Regenerative medicine uses the natural healing capabilities of stem cells to help repair injured tissues. One of the biggest challenges facing practitioners of this exciting new medical subspecialty is helping patients understand that not all stem cells are the same.
The ABC’s of Stem Cells
Stem cells are unique because they have the ability to renew themselves and become different kinds of cells that are needed by the body. In fact, they are the only cells in the body that are capable of generating new cell types.[i] To better understand what kind of stem cells are used for orthopedic conditions, it is helpful to know that there are several different types.
Embryonic stem cells are derived from an embryo that develops from fertilized human eggs in the laboratory. They are used for research purposes only. There are no FDA approved treatments that use embryonic stem cells.
Stem cells derived from birth tissue products such as umbilical cord blood are approved for use in blood cancers and other blood disorders like sickle cell disease. However, the stem cells from umbilical cord blood and amniotic fluid are not approved by the US Food and Drug Administration (FDA) for any orthopedic indication. The safety and efficacy of these products have not been tested in orthopedic conditions and the FDA does not permit their use.
Mesenchymal stem cells (MSCs) are a specific type of adult stem cell that have the ability to differentiate into bone, cartilage and muscle cells.[ii] These stem cells are found in all tissues of our body in limited quantities, but they tend to exist in higher amounts in the bone marrow and adipose tissue (fat). For orthopedic applications, your physician may obtain these cells from your own (autologous) bone marrow or adipose tissue (fat). These tissues not only contain mesenchymal stem cells, they also contain other cells that are anti-inflammatory and regenerative. Once these cells are injected, they release hundreds of molecules that decrease inflammation, fight infection and repair injured tissues.
The Body: A Constant Work in Progress
There are more than 37 trillion cells in our body which are constantly dying and being replaced. There are more than 200 types of cells in our body and they each have different lifespans. Platelets live for a week, red blood cells live for about four months, bone and muscle cells live about 25 years, while brain cells can live a lifetime.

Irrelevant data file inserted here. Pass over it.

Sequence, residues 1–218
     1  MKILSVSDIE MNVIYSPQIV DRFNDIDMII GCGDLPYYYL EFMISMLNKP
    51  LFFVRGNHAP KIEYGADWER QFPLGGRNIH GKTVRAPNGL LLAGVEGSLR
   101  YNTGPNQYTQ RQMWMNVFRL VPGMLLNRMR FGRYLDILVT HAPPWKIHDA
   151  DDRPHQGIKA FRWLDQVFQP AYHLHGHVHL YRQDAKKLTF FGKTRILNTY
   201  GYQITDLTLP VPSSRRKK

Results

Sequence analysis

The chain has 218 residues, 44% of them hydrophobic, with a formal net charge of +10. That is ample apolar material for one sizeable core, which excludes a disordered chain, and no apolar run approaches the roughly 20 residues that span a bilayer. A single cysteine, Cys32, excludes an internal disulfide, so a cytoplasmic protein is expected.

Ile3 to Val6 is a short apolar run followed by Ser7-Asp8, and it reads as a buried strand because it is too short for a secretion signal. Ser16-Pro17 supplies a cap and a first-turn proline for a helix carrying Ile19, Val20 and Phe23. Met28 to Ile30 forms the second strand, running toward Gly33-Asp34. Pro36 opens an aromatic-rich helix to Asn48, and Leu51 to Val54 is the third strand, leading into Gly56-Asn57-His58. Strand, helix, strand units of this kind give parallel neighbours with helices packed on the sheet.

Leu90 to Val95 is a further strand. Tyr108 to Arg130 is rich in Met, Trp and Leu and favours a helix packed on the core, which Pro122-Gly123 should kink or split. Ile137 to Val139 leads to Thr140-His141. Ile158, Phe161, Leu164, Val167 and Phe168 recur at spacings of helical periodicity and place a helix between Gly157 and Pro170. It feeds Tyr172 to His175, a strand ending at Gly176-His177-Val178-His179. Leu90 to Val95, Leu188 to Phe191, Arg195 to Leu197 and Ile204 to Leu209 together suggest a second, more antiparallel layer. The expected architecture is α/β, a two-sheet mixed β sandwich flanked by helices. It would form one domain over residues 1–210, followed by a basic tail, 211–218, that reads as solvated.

An injury or disease can hasten the death of cells. But often, the wear-and-tear of the natural aging process cause tissues to become damaged. Stem cell treatments enable regenerative medicine specialists to boost the body’s own natural healing abilities by bringing concentrated doses of these powerful building blocks directly to the site of injured or degenerated joint, cartilage or tissue.
Although regenerative medicine is a relatively new specialty within the field of orthopedics, cell-based treatments have been shown to be an effective non-surgical option for patients who have failed standard treatments or want to avoid surgery.
By combining the body’s own powerful healing capabilities with the latest in scientific and medical technology, orthopedic stem cell therapies provide lasting pain relief and help patients live their life fully.
Drs. Christopher Rogers and Mary A. Ambach have been providing cellular treatments for orthopedic conditions for more than three decades. Their clinical outcome data reveals that the majority of their patients are satisfied and successfully respond to these orthobiologic therapies which also demonstrate excellent safety.